Published online by Cambridge University Press: 24 September 2020
This volume is the outcome of a seminar on issues relating to changing patterns of population mobility and settlement in southern Africa. The seminar was held in January 1996 at the Grahamstown campus of Rhodes University in South Africa, and was arranged jointly by the Institute for Social and Economic Research at Rhodes University and the International African Institute. We have organised the order of the chapters in the book, as well as our discussion of them, in terms of the broad thematic sequence of population mobility, settlement and policy implications.
THE NEED FOR A NEW APPROACH
Tt is now widely conceded that human movement is definitive of social life more often than it is exceptional in the contemporary world’ (Appadurai 1995: 215). One might add that this is especially so in what is broadly known as the Third World, where political instability and its correlate of weak states often result in governments resorting to violence to achieve obedience from their citizens (Migdal 1988: ch. 1). In addition to widespread circular labour migration, urbanisation and movement within urban areas, in Africa as a whole, over the last half century or so, more than fifty million people have been uprooted, as shown in Table 1.1.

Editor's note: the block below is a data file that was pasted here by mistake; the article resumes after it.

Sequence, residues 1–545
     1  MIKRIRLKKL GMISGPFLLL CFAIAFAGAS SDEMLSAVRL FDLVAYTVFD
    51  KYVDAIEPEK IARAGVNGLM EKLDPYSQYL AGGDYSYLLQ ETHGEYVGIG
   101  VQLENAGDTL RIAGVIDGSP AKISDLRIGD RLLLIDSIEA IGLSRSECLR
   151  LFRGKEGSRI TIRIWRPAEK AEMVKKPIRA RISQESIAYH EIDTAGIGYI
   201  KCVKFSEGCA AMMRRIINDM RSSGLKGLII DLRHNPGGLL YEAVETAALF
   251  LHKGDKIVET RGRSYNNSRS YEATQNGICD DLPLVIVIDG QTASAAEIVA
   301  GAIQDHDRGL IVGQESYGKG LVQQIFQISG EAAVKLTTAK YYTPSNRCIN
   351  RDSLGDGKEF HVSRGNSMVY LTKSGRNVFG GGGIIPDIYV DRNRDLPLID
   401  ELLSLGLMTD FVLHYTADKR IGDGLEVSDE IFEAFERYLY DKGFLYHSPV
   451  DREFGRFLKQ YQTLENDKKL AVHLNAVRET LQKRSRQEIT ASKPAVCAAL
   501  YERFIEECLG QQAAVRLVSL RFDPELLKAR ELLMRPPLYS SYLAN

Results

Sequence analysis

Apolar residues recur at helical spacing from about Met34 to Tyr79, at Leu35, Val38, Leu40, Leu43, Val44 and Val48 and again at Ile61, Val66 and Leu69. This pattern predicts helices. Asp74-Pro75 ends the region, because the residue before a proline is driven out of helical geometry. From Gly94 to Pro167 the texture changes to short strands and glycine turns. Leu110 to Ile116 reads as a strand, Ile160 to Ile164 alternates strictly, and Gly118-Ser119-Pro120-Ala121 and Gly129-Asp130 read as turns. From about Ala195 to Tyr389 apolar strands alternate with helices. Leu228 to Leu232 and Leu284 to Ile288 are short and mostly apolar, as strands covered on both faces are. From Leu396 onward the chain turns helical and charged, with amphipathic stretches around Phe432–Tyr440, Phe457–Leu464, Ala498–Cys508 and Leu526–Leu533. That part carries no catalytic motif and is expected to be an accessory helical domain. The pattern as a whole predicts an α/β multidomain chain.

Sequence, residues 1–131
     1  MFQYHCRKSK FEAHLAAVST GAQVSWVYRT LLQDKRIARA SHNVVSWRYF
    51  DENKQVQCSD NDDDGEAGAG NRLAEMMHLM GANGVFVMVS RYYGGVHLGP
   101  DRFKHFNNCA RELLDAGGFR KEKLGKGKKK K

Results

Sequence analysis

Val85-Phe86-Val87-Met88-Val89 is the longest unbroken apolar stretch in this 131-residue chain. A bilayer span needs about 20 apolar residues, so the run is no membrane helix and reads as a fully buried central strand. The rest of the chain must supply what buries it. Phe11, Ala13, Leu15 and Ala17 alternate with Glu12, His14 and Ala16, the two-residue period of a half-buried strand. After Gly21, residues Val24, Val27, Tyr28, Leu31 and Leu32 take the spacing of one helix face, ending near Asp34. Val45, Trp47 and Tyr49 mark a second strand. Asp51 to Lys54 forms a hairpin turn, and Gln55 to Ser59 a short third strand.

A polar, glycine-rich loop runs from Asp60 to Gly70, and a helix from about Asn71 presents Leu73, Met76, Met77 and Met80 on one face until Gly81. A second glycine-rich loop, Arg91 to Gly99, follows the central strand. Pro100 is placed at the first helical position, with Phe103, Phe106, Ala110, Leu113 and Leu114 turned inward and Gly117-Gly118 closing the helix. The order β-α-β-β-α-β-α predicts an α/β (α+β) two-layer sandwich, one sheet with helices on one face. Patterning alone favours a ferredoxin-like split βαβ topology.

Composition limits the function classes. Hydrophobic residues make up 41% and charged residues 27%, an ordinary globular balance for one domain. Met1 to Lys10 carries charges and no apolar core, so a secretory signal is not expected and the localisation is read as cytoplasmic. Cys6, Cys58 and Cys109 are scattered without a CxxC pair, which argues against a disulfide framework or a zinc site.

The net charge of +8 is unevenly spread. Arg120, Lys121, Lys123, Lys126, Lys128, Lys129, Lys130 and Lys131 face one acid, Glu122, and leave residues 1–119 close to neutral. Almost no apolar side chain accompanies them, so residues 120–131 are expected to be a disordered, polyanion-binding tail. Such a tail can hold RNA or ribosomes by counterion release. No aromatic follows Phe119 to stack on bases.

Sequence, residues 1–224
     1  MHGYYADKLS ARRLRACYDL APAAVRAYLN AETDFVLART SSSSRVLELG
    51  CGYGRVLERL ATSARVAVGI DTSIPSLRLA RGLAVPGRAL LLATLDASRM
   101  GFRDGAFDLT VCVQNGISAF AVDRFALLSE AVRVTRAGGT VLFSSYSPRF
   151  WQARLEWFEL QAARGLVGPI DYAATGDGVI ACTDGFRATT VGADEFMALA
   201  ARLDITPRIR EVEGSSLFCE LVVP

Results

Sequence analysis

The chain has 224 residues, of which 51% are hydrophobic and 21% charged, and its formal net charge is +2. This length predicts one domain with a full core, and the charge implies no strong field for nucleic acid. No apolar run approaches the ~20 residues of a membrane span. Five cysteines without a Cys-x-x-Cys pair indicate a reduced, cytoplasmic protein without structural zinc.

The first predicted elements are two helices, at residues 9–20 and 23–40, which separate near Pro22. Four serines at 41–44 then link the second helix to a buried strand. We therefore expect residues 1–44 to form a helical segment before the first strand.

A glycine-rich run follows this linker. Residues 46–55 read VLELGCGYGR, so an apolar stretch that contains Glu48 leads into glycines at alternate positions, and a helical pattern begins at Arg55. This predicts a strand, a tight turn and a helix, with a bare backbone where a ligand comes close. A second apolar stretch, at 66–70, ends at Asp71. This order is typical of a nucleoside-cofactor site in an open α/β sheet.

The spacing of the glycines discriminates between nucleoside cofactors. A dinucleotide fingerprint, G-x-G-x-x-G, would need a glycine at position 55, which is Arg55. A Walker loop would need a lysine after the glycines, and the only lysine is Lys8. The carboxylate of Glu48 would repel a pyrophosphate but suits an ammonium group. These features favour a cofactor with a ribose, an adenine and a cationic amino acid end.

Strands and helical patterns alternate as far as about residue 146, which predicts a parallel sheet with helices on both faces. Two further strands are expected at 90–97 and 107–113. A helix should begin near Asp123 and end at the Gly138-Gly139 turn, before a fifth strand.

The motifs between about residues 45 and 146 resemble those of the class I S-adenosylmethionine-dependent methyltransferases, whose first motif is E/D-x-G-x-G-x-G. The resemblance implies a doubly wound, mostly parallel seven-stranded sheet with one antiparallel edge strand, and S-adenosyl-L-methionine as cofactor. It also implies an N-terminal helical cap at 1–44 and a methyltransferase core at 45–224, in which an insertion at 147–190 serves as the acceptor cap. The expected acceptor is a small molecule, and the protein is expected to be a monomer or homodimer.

In southern Africa, such widespread human movement has been occasioned by economic forces (including widespread migrant labour to the mines and the urban areas), environmental pressures (such as the harsh droughts of the 1980s), political policies (notably apartheid in South Africa, socialist-based villagisation policies in Mozambique, and security villages in Angola and the then Rhodesia during the wars of decolonisation) and flight from the oppression and civil war in Angola, Mozambique, Namibia, South Africa and Zimbabwe. Some of the more prominent instances of population movement in southern Africa have been:
ANGOLA. Between 1961 and 1972 approximately 700,000 people were moved into concentrated settlements for purposes of military security during the Angolan war of liberation against the Portuguese (Niddrie 1974: 56-7, 76). During the period 1961 to 1992 the average number of Angolan refugees in Zaire was 315,932, peaking at 620,000 in 1978, while during the period 1966 to 1992 the average number of Angolan refugees in Zambia was 48,604, peaking at 102,500 in 1991 (Hansen this volume).
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